This is making me want to pursue more of this in the story. Too bad post-apocalypse Spokane doesn’t actually have many doors, or seats that a man can slide in after a woman has sat in them  (I’ve never seen that go nearly as smoothly as fiction says it should — the chair always skids on the floor and makes a horrifying noise, or else he can’t get the chair to move at all and has to decide whether it means he’s too weak or she’s too heavy, neither of which are palatable).

    Besides door opening/holding, has anyone experienced other forms of this behavior from well-meaning-but-demeaning men, something they wouldn’t mind being adapted to a story? I believe I may have Lindsay inform this poor sod that he’s actually been doing several things that she doesn’t much appreciate. It’s an opportunity to hammer home the idea that this behavior isn’t always appreciated, especially if it’s forced upon someone.

    (I’m much looking forward to writing this scene. It also involves a bit of intentionally phallic imagery subversion in the form of her blowing up a cannon, resulting in this:

    Er, the cannon, not the cat. Although perhaps there’s an innuendo there.)

  • EllieMurasaki

    If the person has to take more than a few steps to reach the door, the door isn’t shutting in their face even if it’s closed when they get there. So it’s not a scenario I’m talking about, though I know I didn’t make that clear.

  • banancat

     If the person has to take more than a few steps, it’s actually worse for them because rushing to meet you is generally a higher burden than re-opening the door, and people will inevitably feel the need to rush, no matter how patient you seem.

  • Hmm. Some other “helping but not helping” acts might be lifting things for someone without being explicitly asked. It can seem patronizing, particularly if a woman has the strength to do the lifting even if she doesn’t look it.

  • christopher_y

    What I do mind (though I haven’t said anything so far) is when they hold the door open while I’m still 20 ft. away, making me feel I should hurry.

    And can I put in a word for people who do this to disabled people. I get around very slowly, and if I’m forced to hurry I have this tendency to fall over. On the other hand, I know how to open a door. So thanks for the kind thought, person holding a door open while I’m still 20 metres away, but next time, please think a little harder.

    ETA … And bananacat got there first. I should read the thread before I comment.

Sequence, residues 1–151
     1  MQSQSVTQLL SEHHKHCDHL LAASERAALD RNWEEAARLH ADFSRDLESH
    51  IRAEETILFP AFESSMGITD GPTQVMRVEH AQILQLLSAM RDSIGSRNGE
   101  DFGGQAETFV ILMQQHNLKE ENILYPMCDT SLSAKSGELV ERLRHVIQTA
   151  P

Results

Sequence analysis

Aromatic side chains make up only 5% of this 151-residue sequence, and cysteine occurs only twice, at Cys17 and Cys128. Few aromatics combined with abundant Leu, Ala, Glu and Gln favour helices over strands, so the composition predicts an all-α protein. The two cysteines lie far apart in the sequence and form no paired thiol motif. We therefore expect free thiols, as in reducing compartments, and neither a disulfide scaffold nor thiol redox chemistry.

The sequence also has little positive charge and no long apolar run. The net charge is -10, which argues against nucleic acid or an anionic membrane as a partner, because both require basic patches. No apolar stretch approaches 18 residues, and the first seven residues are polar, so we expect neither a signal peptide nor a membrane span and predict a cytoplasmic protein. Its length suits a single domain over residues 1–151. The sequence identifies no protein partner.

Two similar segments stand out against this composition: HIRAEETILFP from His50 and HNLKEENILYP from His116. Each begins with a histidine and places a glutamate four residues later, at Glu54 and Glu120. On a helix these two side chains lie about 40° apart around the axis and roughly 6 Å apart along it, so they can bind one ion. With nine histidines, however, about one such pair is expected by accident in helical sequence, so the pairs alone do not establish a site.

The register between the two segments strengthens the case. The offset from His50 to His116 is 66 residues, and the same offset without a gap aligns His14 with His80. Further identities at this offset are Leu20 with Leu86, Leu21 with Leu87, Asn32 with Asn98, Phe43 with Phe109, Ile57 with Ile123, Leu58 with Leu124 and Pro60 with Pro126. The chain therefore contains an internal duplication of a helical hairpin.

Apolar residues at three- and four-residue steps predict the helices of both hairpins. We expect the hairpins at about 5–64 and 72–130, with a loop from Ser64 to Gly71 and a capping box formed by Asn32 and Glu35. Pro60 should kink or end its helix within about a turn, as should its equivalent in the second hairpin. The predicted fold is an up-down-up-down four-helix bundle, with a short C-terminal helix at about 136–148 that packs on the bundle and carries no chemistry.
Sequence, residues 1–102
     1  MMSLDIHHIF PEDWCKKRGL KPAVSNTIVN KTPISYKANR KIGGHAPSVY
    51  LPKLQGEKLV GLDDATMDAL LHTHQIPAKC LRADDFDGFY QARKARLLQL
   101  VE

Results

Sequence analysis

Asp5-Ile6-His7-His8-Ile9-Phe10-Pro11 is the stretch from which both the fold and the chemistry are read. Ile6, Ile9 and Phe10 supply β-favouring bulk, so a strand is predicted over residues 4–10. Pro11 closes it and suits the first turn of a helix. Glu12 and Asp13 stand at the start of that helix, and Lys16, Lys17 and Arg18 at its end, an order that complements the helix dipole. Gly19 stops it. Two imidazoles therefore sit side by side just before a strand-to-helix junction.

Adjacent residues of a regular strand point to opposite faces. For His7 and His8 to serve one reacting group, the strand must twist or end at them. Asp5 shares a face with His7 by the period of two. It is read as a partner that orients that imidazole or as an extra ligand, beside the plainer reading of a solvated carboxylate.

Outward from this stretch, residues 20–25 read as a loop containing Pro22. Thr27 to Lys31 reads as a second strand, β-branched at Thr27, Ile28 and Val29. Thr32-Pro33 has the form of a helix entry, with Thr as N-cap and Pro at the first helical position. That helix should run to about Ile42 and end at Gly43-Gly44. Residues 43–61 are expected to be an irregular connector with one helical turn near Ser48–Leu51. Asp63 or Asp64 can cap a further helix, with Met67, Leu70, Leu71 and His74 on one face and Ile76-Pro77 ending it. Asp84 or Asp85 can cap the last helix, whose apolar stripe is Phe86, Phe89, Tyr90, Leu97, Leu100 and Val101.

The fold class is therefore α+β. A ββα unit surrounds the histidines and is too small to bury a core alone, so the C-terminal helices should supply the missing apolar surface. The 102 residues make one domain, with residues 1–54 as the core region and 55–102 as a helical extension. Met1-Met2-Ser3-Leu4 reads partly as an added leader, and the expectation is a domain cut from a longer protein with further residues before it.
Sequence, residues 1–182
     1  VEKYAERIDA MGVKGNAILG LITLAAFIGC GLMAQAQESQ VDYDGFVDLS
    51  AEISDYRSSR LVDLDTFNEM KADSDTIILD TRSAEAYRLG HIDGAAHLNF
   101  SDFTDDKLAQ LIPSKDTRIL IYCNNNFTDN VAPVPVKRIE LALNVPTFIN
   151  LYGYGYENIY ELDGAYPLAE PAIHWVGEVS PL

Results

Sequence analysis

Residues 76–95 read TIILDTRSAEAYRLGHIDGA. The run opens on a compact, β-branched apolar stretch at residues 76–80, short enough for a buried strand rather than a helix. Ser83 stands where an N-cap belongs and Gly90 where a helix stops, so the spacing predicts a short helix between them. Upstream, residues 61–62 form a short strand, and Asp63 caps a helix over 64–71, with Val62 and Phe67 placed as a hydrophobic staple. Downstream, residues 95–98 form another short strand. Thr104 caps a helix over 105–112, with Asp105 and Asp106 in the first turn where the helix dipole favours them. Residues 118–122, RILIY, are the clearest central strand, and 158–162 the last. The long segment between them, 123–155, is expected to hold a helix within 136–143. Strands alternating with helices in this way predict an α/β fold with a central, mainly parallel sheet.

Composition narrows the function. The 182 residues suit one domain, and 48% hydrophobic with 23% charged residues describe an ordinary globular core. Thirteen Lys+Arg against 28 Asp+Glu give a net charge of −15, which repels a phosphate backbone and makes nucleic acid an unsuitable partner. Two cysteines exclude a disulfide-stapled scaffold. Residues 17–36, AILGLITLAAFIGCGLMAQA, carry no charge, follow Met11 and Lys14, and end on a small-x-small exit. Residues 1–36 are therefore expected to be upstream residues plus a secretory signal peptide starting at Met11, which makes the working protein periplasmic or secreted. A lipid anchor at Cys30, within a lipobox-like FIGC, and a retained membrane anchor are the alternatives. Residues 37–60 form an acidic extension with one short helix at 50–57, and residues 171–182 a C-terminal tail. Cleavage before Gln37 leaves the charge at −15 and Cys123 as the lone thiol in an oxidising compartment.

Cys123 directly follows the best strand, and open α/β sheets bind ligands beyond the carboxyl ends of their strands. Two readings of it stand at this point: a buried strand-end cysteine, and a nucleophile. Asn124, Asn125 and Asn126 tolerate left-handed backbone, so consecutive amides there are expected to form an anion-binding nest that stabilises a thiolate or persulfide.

• syfr

    Ok, having a man move the chair  for a woman.  The woman is supposed to reach between her legs as she is being seated, and pull on the chair to guide it as he pushes.  She is then sitting with the chair in the right position. 

    She’s not supposed to sit down, then have him push the chair and her.

    One of those subtle things that may have been lost over the years.

  • christopher_y

    Unless she’s Queen Victoria, who apparently used to just sit down whenever she felt like it, on the assumption that somebody would make sure there was a chair there.


    So thanks for the kind thought, person holding a door open while I’m still 20 metres away, but next time, please think a little harder.

    When I was hobbling around on a cane after my stroke, lots of people
    held doors open for me and otherwise did things to spare me minor
    nuisances. Sometimes I accepted gratefully, sometimes I declined
    civilly, sometimes I accepted grudgingly, sometimes they created more of
    a nuisance than they resolved. 

    That said… well, my office door locks behind me. I frequently hold the door open if I see someone I know works here coming behind me, because having to unlock the door is a minor nuisance that I can keep them from having to deal with.

    Sometimes it takes them a while to get to the door; that’s fine. If I’m in too much of a hurry to wait an extra while, or if I just don’t feel like it, I don’t hold the door. They don’t have to rush, and if they seem to be rushing on my account I encourage them to take their time.

    Sometimes they wave me off, in which case I don’t hold the door. I don’t know why they’re waving me off in each case, nor do I need to know; I’ve civilly offered a minor service, they’ve civilly turned it down, that’s the end of the interaction. We don’t owe each other a thing.

    Some people rush anyway, or are otherwise visibly discomfited by my holding the door. I try to remember not to hold the door for them in the future. Again, I don’t know why, nor do I need to know. That said, I would have preferred it if they’d just declined the offer, or accepted and taken their time.

    I will admit, I am more comfortable doing all of this for visibly able-bodied white men, for whom there is minimal chance that I’ll be seen as challenging their autonomy or competence or social equality, and for small children, whose autonomy and competence and equality is socially acceptable to challenge, than for peers whose peerhood remains socially fraught.

  • Tricksterson

    Since by all accounts Mel Blanc and Chuck Jones were much nicer people than Richard Wagner I’ll take the first one please.

  • Tricksterson

    Is there any evidence that she would be less covered under Obamacare than whatever insurance she’s using now?

  • Tricksterson

    I’ll generally hold a door open for anyone immediately behind me or up to about 5 feet regardless of gender.

  • AnonymousSam

    *Snirk* Well, every time I’ve seen it, I don’t think the woman was expecting it and the man thought he was being suave by doing it out of the blue.

  • Lori

    I’m trying, and failing, to picture reaching between my legs for the edge of a chair being moved by someone else and retaining any personal dignity at all. I’d prefer to simply move the chair myself.

  • Boidster